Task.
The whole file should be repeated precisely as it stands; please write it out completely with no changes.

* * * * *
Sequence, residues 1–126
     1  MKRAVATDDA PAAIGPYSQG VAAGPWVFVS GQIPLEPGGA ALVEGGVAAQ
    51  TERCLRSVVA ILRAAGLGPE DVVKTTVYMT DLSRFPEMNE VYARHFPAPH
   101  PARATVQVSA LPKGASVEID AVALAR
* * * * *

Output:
Sequence, residues 1–126
     1  MKRAVATDDA PAAIGPYSQG VAAGPWVFVS GQIPLEPGGA ALVEGGVAAQ
    51  TERCLRSVVA ILRAAGLGPE DVVKTTVYMT DLSRFPEMNE VYARHFPAPH
   101  PARATVQVSA LPKGASVEID AVALAR